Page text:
Book XII

When Turnus sees disgrace and rout
Have Latium’s spirit tamed,
Himself by every eye marked out,
His plighted promise claimed,
With anger unallayed he fires,
And feels the courage pride inspires.
E’en as in Libyan plains athirst
A lion by the hunter pierced
Puts forth at length his might,
Rears on his neck his angry mane,
The shaft that galls him snaps in twain,
And roaring claims the fight;
So Turnus’ wrath infuriate glows,
And, once ablaze, each moment grows.
Then thus Latinus he bespeaks
With flushing brow and kindling cheeks:
‘Not Turnus, trust me, bars the way:
No need the Phrygians should unsay
The words they spoke in face of day,
Their covenant disown:
I meet him now: the victims bring
And seal the treaty, gracious king.
My hand shall lay the Dardan low
Who left his Asia to the foe—
Let Latium sit and see the show,
While I in arms alone
Wash out the blot that stains our pride—
Or let him take the forfeit bride,
Accept the conquered throne!’
He spoke; the aged majesty
Of Latium makes him calm reply:
‘O gallant youth! the more intense
Your generous spirit’s vehemence,
The wiselier should Latinus’ care
For Fortune’s every chance prepare.
Yours is your father Daunus’ reign;
Yours are the towns your sword has ta’en;
And I that speak have stores of gold
And hand that knows not to withhold;
Latium has other maids unwed
And worthy of a royal bed.
Thus let me speak, direct and clear,
Though sharp the pang: now further hear:
I might not give my daughter’s hand
To suitor from her native land:
Gods, prophets, with unfaltering voice
And plain accord forbade the choice:
But kindred sympathies are strong,
And weeping wives can sway to wrong:
Heaven’s ties I snapped; I failed my word;
I drew the inexpiable sword:
Since then what dire result of ill
Has followed me and follows still
Your eyes bear witness: why recall
What Turnus feels the first of all?
We, twice in bloody field o’erthrown,
Scarce in our ramparts hold our own:
Still Tiber reeks from Latium’s veins,
And whitening bone-heaps mound the plains.
Why reel I thus, confused and blind?
What madness mars my sober mind?
If Turnus’ death makes Troy my friend,
E’en while he lives let war have end.
Or what will kin and country say,
If—ward the omen, Heaven, I pray!—
I leave him now his life to lose
While for my daughter’s hand he sues?
O think of war, its change and chance,
How luck may warp the surest lance!
Think of your father old and grey,
Forlornly biding leagues away!’
But Turnus’ wrath no words can tame:
What seemed to slake but feeds the flame:
Soon as impatience found a tongue
With fury into speech he flung:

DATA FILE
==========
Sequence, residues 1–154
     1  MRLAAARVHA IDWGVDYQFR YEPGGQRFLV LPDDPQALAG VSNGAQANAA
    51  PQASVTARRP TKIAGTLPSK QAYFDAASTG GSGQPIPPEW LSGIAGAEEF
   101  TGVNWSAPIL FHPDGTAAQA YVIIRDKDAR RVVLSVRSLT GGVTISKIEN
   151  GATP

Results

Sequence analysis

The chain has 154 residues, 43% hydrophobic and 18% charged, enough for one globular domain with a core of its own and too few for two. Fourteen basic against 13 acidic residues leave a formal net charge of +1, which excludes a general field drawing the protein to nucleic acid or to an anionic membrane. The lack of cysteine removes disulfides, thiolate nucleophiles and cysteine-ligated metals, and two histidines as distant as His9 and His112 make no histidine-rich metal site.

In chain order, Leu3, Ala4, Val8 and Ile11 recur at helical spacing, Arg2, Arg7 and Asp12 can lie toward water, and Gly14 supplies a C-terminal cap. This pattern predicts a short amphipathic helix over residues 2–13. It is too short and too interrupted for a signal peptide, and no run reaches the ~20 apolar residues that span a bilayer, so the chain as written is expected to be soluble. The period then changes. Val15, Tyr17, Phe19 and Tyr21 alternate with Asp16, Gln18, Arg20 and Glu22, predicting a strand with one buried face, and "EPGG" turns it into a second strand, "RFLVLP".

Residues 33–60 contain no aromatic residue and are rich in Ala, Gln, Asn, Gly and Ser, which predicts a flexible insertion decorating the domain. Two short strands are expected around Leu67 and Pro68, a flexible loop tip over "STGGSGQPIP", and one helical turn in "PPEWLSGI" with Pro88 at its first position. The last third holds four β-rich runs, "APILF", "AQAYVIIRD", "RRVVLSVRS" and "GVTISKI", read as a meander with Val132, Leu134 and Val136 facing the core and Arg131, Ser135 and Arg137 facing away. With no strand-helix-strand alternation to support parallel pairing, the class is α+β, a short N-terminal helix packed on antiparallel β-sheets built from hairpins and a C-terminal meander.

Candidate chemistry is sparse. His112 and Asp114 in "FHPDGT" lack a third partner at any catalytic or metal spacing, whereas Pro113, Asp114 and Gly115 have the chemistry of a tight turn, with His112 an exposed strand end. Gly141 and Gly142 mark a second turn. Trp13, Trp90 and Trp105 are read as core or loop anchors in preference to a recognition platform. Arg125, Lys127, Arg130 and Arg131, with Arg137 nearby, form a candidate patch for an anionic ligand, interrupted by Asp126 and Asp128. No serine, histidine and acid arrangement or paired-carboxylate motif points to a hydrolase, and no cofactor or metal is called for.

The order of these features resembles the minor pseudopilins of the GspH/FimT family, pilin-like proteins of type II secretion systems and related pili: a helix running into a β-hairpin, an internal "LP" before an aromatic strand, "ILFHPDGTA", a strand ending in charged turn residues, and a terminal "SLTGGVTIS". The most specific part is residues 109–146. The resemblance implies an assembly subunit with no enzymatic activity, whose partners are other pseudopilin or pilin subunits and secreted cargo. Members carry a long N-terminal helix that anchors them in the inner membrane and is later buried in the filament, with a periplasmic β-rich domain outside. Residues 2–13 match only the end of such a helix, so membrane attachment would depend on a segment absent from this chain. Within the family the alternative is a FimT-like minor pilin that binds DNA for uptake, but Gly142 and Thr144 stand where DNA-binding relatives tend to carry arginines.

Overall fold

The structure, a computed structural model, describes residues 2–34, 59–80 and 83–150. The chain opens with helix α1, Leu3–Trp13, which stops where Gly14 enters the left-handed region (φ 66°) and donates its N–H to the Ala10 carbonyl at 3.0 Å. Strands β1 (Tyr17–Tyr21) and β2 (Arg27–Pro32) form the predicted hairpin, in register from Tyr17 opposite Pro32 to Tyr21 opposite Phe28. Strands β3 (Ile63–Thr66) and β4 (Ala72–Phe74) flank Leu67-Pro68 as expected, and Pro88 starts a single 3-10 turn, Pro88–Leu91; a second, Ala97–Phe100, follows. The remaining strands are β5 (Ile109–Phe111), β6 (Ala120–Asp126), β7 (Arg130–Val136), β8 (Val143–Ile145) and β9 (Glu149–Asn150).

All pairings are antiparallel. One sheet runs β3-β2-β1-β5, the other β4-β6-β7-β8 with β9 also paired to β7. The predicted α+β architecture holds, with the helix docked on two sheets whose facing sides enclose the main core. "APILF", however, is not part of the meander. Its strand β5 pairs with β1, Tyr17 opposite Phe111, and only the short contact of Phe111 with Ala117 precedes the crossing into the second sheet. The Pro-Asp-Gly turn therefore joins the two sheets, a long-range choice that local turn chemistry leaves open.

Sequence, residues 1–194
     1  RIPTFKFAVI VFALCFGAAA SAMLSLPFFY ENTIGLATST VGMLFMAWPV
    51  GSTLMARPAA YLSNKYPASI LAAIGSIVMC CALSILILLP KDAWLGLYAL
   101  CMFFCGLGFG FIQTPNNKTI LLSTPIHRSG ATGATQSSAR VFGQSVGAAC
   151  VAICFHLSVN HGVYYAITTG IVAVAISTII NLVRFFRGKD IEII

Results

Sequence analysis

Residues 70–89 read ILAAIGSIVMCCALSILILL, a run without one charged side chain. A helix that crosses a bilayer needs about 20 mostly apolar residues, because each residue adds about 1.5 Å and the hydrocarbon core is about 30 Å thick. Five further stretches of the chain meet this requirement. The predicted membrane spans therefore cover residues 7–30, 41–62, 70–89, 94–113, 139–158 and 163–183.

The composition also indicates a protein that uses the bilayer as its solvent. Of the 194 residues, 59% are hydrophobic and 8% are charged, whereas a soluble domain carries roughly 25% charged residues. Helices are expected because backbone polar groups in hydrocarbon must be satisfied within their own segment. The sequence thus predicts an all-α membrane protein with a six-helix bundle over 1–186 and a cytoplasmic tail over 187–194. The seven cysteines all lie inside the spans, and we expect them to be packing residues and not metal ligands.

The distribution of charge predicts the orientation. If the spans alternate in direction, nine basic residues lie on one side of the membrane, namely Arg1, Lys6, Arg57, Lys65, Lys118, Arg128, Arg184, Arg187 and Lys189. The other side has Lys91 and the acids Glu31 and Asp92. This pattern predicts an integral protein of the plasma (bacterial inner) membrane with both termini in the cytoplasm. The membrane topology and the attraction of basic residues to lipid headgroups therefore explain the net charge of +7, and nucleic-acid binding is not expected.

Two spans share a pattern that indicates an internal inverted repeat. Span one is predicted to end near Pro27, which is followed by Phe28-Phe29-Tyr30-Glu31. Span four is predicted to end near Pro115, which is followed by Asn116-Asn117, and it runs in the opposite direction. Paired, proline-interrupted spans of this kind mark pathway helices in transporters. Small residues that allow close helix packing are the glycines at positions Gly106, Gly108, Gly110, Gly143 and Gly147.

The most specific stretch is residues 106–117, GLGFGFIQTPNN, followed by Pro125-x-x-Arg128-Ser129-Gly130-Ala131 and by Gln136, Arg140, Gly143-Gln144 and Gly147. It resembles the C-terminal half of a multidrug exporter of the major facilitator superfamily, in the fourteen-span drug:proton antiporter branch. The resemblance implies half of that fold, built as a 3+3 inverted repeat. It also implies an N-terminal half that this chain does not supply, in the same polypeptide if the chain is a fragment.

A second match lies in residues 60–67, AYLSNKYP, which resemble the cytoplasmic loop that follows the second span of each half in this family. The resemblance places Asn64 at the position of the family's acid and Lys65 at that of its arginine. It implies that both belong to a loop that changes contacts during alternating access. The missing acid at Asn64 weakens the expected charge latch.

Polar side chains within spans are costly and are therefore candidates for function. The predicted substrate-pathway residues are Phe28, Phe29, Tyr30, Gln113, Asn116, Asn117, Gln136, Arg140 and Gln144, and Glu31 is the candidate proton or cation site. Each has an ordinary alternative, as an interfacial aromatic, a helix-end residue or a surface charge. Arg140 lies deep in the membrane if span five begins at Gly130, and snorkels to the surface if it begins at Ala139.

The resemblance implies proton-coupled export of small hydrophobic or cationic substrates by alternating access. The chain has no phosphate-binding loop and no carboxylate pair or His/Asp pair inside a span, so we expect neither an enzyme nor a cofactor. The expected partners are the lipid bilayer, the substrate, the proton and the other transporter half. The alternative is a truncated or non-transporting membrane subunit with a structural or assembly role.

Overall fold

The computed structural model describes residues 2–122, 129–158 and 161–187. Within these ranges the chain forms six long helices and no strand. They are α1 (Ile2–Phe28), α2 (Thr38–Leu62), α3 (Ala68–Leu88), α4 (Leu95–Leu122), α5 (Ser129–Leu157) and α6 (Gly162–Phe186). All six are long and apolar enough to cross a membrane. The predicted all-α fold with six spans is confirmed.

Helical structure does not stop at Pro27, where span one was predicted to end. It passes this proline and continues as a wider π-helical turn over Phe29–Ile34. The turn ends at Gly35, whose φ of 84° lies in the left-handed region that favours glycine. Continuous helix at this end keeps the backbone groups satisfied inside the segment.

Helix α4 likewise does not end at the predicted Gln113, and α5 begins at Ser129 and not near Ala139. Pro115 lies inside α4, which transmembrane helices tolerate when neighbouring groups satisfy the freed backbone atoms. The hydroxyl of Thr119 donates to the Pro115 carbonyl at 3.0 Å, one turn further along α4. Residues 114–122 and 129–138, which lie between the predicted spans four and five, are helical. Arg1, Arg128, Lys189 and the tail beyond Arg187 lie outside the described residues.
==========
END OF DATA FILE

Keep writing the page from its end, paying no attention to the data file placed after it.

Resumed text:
‘Those anxious bodings, father mine,
For me you keep, for me resign:
Leave me to meet the invader’s claim:
Let death redeem the gage of fame.
I too no feeble dart can throw,
And flesh will bleed that feels my blow.
No goddess mother will be there
To tend him with a woman’s care,
Conceal in mist his recreant flight
And palter with a brave man’s sight.’

But the sad queen, struck wild by fears
Of battle’s new award,
Death swimming in her view, with tears
Holds fast her daughter’s lord:
‘Turnus, by these fond tears I pour,
If still survives the love you bore
To Latium’s hapless queen—
On you our tottering age is staid;
On you a nation’s hopes are laid;
A house dismantled and decayed,
On you is fain to lean—
One boon I crave, but one: forbear
The arbitrament of fight to dare:
For know, whate’er the chance ensue
To Turnus, threats Amata too:
With you I leave this hated life,
Nor see my child my captor’s wife.’
Her mother’s voice Lavinia hears,
And mingles blushes with her tears;
Deep crimson glows the sudden flame,
And dyes her tingling cheek with shame.
So blushes ivory’s Indian grain
When sullied with vermilion stain:
So lilies set in roseate bed
Enkindle with contagious red.
So flushed the maid: with wildering gaze
The passion-blinded youth surveys:
The fiercer for the fight he burns,
And to the queen in brief returns:
‘O let not tears nor omen ill
Attend me to the stubborn fray;
Dear mother, ’tis not Turnus’ will
The hour of destiny can stay.
Go, Idmon, to you Phrygian chief
Bear tidings he will hear with grief:
When first the morrow fires the air
With glowing chariot, let him spare
To lead his Teucrians on:
Let Rutule arms and Teucrian rest;
His life and mine shall brook the test;
Lavinia’s hand, our common quest,
Shall in that field be won.’

So saying, to the stall he speeds,
Bids harness his impetuous steeds,
And pleased their fury sees,
Which Orithyia long ago
On king Pilumnus deigned bestow,
To match the whiteness of the snow,
The swiftness of the breeze.
They bustle round, the menial train,
Comb o’er the neck the graceful mane,
And pat the sounding chest:
In mail his shoulders he arrayed
(Of gold and orichalc ’twas made);
Then dons his shield, his trusty blade,
His helm with ruddy crest;
That blade which to his royal sire
The hand of Vulcan gave,
Brought red from Liparæan fire
And dipped in Stygian wave.
Reposing from its work of blood
His lance beside a column stood,
Auruncan Actor’s prize:
He seized it, shook the quivering wood,
And thus impetuous cries:
‘The hour is come, my spear, my spear,
Thou who hast never failed to hear
Thy master’s proud appeal:
Once Actor bore thee, Turnus now:
Grant that my hand to earth may bow
The Phrygian’s all unmanly brow,

  By PanEris using Melati.

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